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A mangled crane lies at the construction site in the Queens borough of New York CIty where it collapsed behind a giant neon Pepsi Cola sign, a local landmark.
Mary Altaffer/ASSOCIATED PRESS
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Date published: 1/31/2013
NEW YORK--A crane operator and a contractor didn't inspect equipment, failed to take proper precautions and ran the rig unsafely before it collapsed while building a New York City apartment tower and injured seven construction workers, officials said Wednesday.
Crane operator Paul Geer and contractor Cross Country Construction LLC have each been cited with five violations stemming from the Jan. 9 collapse, which occurred as the crane tried to lift more than double its capacity, the city Buildings Department said. Geer and the company each face at least $64,000 in fines; the developer and a site safety manager also were cited with a violation apiece.
"Neither the crane operator nor his supervisors made sure the operation was being performed according to approved plans," city Buildings Commissioner Robert LiMandri said in a statement.
No phone number could be found for Geer, and his union didn't immediately return a call seeking comment. Nor did Cross Country Construction.
The collapse was the latest of several accidents that have stirred questions about crane safety in a high-rise city in recent years. Two deadly collapses in 2008 spurred reforms and even criminal charges, but another crane fell and killed a worker in the city just this past April, at a subway construction site largely exempt from city safety rules. In other incidents, cranes have dropped loads or come close to falling apart, including a dramatic episode in which a crane's arm, or boom, nearly snapped off during Superstorm Sandy and dangled precariously over a midtown Manhattan block near Carnegie Hall.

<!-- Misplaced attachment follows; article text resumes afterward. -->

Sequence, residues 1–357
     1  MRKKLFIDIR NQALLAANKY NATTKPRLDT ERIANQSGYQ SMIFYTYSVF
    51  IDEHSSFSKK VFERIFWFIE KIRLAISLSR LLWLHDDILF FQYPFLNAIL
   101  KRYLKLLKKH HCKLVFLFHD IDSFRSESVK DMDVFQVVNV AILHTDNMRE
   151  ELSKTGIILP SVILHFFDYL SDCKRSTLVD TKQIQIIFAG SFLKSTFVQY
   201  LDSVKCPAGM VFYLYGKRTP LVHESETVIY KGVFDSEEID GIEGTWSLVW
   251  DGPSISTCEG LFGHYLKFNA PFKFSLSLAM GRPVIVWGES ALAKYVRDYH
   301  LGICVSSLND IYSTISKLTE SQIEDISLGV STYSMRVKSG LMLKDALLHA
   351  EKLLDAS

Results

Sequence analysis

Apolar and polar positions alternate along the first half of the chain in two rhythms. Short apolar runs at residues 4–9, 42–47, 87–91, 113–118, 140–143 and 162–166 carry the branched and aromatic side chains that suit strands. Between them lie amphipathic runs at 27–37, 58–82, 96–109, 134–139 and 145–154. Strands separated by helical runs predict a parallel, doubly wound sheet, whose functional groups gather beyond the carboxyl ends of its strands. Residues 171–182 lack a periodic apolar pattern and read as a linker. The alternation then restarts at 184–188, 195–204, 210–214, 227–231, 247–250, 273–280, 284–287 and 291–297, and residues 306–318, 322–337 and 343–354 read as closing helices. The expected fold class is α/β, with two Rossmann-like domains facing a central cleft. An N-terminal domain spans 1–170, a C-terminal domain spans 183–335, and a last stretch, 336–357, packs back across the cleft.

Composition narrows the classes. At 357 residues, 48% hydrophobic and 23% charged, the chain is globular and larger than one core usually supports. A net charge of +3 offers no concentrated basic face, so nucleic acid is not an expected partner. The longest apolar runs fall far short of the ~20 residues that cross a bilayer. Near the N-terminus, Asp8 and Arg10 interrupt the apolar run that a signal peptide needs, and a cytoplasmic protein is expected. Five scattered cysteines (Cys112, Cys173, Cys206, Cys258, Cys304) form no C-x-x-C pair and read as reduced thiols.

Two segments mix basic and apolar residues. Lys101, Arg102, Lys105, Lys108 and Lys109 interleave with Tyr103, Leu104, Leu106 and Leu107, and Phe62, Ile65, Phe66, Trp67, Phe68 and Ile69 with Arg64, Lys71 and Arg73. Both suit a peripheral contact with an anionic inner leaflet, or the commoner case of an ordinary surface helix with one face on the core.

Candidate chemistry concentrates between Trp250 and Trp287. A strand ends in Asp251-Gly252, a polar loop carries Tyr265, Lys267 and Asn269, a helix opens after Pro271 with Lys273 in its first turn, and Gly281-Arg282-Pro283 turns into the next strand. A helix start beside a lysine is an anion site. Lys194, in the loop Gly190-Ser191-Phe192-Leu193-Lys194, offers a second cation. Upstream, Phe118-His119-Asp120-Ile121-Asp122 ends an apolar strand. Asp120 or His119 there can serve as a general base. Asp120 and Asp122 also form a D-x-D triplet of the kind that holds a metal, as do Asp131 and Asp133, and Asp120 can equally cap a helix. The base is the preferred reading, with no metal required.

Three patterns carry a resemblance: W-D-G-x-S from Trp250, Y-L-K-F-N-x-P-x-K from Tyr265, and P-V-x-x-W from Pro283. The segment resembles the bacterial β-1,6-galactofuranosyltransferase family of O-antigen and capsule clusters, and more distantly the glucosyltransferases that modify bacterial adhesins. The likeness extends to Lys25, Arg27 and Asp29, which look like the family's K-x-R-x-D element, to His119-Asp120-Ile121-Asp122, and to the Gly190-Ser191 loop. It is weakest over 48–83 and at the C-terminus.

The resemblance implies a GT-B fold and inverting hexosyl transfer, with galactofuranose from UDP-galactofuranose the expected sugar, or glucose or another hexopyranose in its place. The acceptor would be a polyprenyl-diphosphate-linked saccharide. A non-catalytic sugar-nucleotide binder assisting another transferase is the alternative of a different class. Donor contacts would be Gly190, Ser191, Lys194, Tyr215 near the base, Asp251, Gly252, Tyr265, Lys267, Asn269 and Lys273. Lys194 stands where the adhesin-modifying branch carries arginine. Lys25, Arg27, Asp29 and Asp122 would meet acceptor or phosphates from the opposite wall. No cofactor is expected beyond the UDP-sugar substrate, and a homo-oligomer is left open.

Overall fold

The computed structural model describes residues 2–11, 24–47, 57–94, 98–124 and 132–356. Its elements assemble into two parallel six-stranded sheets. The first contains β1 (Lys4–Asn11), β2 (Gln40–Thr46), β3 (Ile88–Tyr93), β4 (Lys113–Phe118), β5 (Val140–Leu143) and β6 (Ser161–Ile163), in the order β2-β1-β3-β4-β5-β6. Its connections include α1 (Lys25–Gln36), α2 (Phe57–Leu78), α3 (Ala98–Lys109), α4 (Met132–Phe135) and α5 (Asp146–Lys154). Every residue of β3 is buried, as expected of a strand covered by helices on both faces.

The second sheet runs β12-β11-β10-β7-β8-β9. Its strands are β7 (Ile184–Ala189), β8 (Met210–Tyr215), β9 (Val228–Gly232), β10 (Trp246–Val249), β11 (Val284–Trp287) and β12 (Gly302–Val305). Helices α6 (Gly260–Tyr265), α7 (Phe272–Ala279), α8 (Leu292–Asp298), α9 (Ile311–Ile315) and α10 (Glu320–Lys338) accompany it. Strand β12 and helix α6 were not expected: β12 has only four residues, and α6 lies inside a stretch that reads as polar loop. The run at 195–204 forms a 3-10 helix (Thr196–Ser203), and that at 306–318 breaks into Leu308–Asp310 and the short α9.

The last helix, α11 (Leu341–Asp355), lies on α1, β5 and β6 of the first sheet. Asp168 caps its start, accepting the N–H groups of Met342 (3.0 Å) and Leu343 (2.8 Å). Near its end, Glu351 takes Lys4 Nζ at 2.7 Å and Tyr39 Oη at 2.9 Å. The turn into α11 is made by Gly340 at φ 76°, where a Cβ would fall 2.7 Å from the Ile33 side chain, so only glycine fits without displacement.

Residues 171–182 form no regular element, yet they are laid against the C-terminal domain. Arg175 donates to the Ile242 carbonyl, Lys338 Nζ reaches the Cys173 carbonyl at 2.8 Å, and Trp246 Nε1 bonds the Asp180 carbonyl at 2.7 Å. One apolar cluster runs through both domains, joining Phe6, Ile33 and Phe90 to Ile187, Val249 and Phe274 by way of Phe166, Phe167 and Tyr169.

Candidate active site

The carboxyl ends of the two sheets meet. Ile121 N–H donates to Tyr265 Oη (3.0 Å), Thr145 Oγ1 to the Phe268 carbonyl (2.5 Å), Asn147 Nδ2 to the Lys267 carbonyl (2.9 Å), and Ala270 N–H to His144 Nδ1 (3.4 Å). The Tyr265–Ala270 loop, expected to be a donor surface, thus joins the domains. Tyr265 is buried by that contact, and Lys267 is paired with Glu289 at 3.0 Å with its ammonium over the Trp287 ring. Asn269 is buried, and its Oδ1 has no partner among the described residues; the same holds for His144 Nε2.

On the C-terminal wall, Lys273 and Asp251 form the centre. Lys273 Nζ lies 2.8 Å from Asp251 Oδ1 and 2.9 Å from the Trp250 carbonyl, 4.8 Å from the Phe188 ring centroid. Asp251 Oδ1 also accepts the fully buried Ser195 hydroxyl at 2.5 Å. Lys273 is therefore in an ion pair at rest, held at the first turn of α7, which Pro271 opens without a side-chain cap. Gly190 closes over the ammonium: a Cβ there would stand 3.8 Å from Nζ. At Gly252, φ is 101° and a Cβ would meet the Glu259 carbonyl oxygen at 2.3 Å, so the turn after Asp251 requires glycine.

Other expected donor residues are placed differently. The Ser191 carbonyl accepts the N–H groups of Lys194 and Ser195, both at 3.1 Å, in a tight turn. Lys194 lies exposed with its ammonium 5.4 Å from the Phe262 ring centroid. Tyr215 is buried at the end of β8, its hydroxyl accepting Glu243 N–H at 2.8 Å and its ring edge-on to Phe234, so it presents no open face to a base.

The Jan. 9 collapse in Queens didn't cause any life-threatening injuries, but three workers had to be extricated from beneath fallen machinery after the 170-foot-long boom fell and mowed down part of the building's wooden framework, according to officials and witnesses. The rig was working on what will be a 25-story building near the East River in Queens' Long Island City neighborhood, behind a large neon Pepsi-Cola sign that serves as a local landmark.